• Sandy Jolles

The Mechanics of Night Time Eating

I remember a while ago, I used to consistently hear the advice, "You should NEVER eat after 10pm or it'll make you gain weight." Unfortunately, that only encouraged me to either sneak a snack at night, or go to bed with my stomach grumbling during my childhood. Neither option was all that healthy, so I decided to do a deep dive when it comes to nighttime nutrition. Contrary to public opinion, our bodies do not have a 'switch' at night where all the consumption turns to fat or excess triglyceride storage. If there are calories that we have not used in that day, it is perfectly acceptable to eat at a later time. HOWEVER, the composition and integrity of the specific foods we choose is not so black and white.

The big focus in choosing a night time snack is pairing a fiber-rich carbohydrate with a protein source. This will allow our glycogen to be restored and support the building and repair of muscle throughout the night. If you are someone who works out in the morning (and may be adverse to a breakfast that early), a quality snack at night will optimize your performance.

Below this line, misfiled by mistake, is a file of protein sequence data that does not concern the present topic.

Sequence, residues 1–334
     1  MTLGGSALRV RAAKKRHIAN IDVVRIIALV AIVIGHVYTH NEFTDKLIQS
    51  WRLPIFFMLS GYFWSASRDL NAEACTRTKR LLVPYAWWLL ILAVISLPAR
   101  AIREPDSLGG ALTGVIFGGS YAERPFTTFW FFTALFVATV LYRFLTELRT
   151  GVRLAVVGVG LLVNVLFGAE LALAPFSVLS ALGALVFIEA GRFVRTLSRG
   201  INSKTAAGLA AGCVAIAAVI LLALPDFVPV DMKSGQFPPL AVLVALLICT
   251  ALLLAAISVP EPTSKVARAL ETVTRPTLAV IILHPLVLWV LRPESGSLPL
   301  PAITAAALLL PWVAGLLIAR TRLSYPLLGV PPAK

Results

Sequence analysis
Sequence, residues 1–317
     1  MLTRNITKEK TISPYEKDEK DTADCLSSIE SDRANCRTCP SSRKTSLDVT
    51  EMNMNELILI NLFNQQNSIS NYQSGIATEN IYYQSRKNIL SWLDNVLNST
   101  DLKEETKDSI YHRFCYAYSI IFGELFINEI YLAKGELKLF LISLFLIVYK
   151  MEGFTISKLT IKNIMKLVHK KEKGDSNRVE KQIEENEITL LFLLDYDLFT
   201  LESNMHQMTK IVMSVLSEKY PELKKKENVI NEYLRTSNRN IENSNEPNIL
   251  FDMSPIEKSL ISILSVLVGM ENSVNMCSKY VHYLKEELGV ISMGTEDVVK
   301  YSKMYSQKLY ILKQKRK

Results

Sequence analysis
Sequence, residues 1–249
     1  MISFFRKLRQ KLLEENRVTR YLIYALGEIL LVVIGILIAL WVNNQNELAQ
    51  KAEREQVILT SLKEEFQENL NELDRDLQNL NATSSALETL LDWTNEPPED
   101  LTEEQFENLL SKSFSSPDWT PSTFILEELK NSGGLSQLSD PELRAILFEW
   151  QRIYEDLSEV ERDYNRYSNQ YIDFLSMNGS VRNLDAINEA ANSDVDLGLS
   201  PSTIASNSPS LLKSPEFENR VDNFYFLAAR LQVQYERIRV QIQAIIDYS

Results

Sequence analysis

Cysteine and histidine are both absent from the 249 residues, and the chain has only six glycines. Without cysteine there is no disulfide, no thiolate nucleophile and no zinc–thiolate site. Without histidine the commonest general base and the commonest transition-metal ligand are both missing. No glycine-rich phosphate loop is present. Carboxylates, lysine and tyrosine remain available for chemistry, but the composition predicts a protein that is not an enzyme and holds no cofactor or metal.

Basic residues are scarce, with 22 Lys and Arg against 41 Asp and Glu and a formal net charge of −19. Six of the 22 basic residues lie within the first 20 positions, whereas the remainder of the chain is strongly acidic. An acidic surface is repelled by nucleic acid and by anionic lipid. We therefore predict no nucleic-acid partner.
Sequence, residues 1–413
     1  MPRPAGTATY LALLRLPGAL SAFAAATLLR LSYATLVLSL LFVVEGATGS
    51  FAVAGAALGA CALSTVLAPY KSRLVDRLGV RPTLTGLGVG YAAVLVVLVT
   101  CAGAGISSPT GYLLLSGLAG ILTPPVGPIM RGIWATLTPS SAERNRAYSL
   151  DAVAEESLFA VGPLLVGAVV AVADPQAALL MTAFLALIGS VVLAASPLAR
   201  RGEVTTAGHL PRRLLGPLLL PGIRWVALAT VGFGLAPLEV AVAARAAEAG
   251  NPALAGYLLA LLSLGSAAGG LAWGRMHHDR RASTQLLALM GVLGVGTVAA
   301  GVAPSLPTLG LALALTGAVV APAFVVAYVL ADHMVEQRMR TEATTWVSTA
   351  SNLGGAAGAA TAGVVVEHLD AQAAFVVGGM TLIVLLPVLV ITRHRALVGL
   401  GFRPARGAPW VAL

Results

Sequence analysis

Amount is also imperative when it comes to our snack. Certain foods will satiate us and keep us full longer, reducing our quantity. For instance, pairing dark chocolate with almonds/raspberries, a hard boiled egg with a piece of fruit, chia seed pudding or yogurt, or a banana w/ almond butter are all healthy yet satiating choices.

Certain nutrients and minerals can aid in our quality and duration of sleep if we choose to have it before bed. This may include foods with melatonin (cherries, eggs, fish, nuts and berries), magnesium (almonds pumpkin seeds, cashews, peanut butter,) and tryptophan (peanuts, chicken, and dairy)

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